You & Me Both, Baby

Everything I Want To Do Is enlightening essay about many things, but especially how regulation is destroying family farms. It caught my eye because I've just been reading Small Is Still Beautiful, which places the blame for mega-corporate ugliness on "capitalism," a premise I think is dead wrong. The massive corporation begins as a way for business to pool risk and manage regulatory burdens in a hyper-regulated and litigious age, with crony capitalism the inevitable result (first we comply with the regs, then we ourselves lobby government to support them as a means of stifling competitors). The way to get the beautiful small the author wants is to go after bureaucracy. Exhibit A.
I want to dress my beef and pork on the farm where I’ve coddled and raised it. But zoning laws prohibit slaughterhouses on agricultural land. For crying out loud, what makes more holistic sense than to put abattoirs where the animals are? But no, in the wisdom of Western disconnected thinking, abattoirs are massive centralized facilities visited daily by a steady stream of tractor trailers and illegal alien workers.
...because that's how they can best be inspected. Which is one thing, but the result is that after he loads up his cattle, trucks them up the interstate to mix with cattle from who knows where, have them slaughtered and packaged, he's then not allowed to sell his own meat:
When I return home to sell these delectable packages, the county zoning ordinance says that this is a manufactured product because it exited the farm and was reimported as a value-added product, thereby throwing our farm into the Wal-Mart category, another prohibition in agricultural areas. Just so you understand this, remember that an on-farm abattoir was illegal, so I took the animals to a legal abattoir, but now the selling of said products in an on-farm store is illegal.
Also, he can't give tours of his farm.
Because our land is zoned as agricultural, we cannot charge school kids for a tour of the farm because that puts us in the category of "Theme Park." 
Or sell anything he didn't raise himself.

Our community is blessed with all sorts of creative artisans who offer products that we would love to stock in our on-farm retail venue. Doesn’t it make sense to encourage these customers driving out from the city to be able to go to one farm to do their rural browsing/ purchasing rather than drive all over the countryside? Furthermore, many of these artisans have neither the desire nor time to deal with patrons one-on-one. A collaborative venue is the most win-win, reasonable idea imaginable — except to government agents.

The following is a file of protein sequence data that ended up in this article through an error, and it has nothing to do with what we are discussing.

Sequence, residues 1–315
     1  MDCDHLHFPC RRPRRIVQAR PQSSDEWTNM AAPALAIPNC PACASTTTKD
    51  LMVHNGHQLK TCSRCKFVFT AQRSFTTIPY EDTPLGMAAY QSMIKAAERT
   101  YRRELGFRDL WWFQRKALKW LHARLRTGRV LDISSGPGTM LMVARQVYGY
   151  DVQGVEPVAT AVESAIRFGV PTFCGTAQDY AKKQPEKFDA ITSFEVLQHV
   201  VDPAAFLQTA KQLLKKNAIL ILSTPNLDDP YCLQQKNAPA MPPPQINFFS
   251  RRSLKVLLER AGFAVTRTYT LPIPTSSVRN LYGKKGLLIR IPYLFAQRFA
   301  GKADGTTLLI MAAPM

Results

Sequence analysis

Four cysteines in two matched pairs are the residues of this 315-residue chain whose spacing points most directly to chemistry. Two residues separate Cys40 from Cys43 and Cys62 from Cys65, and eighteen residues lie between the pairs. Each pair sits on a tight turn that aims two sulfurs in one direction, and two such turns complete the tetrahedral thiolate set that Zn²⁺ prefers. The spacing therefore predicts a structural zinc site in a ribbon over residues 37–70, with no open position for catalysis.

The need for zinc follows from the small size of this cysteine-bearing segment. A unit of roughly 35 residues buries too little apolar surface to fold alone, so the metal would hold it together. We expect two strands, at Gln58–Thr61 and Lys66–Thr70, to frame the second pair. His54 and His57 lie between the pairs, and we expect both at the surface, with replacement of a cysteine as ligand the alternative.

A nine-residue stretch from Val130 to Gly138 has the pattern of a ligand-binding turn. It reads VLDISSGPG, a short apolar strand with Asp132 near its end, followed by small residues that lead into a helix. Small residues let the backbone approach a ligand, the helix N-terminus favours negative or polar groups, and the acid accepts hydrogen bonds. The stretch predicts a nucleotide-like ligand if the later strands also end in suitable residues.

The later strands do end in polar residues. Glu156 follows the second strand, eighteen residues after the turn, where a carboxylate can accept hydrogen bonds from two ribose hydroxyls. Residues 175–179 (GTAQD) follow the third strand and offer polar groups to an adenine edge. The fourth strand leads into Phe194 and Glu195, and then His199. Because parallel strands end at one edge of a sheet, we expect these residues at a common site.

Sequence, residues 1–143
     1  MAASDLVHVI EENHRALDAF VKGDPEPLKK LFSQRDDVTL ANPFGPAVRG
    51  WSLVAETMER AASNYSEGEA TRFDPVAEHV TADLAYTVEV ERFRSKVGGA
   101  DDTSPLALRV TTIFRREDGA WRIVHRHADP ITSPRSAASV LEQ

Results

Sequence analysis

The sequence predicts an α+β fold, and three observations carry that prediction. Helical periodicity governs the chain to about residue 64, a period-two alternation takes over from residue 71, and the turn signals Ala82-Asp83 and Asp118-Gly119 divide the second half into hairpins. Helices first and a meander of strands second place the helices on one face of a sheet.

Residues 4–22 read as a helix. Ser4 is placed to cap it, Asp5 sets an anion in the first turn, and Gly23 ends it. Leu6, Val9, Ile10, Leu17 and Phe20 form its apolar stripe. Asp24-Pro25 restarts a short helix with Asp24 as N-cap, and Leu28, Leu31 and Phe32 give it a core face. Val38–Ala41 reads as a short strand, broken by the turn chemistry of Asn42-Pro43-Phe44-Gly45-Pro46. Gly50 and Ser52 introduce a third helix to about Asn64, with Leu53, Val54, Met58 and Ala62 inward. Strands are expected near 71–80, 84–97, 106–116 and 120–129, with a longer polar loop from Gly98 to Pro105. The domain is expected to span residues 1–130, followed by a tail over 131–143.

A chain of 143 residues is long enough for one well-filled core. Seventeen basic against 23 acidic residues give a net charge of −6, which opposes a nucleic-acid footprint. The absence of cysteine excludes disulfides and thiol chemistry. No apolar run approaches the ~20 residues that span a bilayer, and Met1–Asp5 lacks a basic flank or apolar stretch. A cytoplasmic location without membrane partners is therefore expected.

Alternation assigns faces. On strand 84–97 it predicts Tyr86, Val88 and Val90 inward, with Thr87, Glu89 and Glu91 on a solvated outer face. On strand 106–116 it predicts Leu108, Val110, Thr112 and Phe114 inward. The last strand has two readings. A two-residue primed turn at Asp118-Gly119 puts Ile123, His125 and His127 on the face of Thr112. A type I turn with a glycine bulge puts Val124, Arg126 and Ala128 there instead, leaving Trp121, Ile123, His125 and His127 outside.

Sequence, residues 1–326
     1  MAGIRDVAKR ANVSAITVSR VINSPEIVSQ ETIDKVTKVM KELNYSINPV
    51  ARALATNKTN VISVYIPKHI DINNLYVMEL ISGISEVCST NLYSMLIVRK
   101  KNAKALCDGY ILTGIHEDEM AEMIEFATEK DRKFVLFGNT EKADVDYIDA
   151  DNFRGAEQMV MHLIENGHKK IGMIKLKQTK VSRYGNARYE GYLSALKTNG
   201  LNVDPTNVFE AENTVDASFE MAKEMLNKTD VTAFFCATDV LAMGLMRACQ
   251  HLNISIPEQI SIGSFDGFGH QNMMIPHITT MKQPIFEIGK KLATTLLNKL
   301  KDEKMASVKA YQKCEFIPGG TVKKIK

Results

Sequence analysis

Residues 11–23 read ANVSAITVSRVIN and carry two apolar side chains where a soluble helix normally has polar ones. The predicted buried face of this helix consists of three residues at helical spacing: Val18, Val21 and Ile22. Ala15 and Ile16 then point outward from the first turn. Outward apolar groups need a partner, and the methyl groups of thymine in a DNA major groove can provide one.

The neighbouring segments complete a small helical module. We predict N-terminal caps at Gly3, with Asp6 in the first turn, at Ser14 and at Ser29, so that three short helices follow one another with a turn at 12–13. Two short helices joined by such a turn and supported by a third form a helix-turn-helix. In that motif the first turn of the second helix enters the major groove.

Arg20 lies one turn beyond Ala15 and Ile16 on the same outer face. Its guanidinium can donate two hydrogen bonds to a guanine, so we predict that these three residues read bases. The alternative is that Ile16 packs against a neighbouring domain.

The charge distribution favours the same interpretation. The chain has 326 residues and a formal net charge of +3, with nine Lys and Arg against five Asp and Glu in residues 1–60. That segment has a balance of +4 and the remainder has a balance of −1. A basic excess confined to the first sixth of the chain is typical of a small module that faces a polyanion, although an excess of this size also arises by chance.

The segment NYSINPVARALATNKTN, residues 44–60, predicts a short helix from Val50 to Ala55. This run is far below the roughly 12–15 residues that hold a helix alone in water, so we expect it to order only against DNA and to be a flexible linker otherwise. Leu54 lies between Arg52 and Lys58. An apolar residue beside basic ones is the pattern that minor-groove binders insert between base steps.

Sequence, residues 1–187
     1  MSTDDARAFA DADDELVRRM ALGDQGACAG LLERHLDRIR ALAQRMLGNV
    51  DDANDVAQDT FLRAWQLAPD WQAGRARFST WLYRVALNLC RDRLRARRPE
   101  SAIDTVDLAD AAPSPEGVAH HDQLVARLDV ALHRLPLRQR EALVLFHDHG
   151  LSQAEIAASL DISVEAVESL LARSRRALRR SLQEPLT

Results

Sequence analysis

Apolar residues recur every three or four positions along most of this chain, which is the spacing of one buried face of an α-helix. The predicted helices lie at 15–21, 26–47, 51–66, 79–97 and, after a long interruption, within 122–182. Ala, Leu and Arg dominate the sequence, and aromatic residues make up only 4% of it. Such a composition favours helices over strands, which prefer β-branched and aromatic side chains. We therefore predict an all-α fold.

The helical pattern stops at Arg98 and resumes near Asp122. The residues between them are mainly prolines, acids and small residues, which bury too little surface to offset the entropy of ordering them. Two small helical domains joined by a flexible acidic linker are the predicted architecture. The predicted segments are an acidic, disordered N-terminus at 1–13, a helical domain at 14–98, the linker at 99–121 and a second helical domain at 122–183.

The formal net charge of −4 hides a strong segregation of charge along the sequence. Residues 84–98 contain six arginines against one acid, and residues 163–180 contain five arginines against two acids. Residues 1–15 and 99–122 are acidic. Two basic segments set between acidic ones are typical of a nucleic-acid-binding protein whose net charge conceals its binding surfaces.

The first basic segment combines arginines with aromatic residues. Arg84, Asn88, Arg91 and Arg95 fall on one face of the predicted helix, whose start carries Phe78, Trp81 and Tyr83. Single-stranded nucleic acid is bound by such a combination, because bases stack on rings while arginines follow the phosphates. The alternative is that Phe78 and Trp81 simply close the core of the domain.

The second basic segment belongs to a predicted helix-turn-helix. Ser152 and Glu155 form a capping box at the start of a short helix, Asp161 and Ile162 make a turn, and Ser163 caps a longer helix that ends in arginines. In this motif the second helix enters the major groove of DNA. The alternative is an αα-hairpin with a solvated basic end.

As soon as our farm offers a single item — just one — that is not produced here, we have become a Wal-Mart. Period. That means a business license, which isbasically another layer of taxes on our gross sales. The business license requires a commercial entrance, which on our country road is almost impossible to acquire due to sight-distance requirements and width regulations. Of course, zoning prohibits businesses in our agricultural zones. Remember, people are supposed to be kept away from agricultural areas — people bring diseases.
Even if we could comply with all of the above requirements, a retail outlet carries with it a host of additional regulations. We must provide designated handicapped parking, government-approved toilet facilities (our four household bathrooms in the two homes located 50 feet away from the retail building do not count) — and it can’t be a composting toilet. We must offer x-number of parking spaces. Folks, it just goes on and on, ad nauseum, and all for simply trying to help a neighbor sell her potatoes or extra pumpkins at Thanksgiving.
It's also illegal to raise another generation of farmers.
Any power tool — including a cordless screwdriver — cannot be operated by people under the age of 18. ...
A host of government regulatory paperwork surrounds every "could you come over and help us . . . ?" By the time an employer complies with every Occupational Safety & Health Administration requirement, posts every government bulletin requirement, with-holds taxes, and shoulders Unemployment Compensation burdens and medical and child safety regulations — he or she can’t hire anybody legally or profitably.
The government has no pigeonhole for this: "I’m a 17-year-old home-schooler, and I want to learn how to farm. Could I come and have you mentor me for a year?"
What is this relationship? A student? An employee? If I pay a stipend, the government says he’s an employee. If I don’t pay, the Fair Labor Standards board says it’s slavery, which is illegal. Doesn’t matter that the young person is here of his own volition and is happy to live in a tee-pee. Housing must be permitted and up to code.
Et cetera.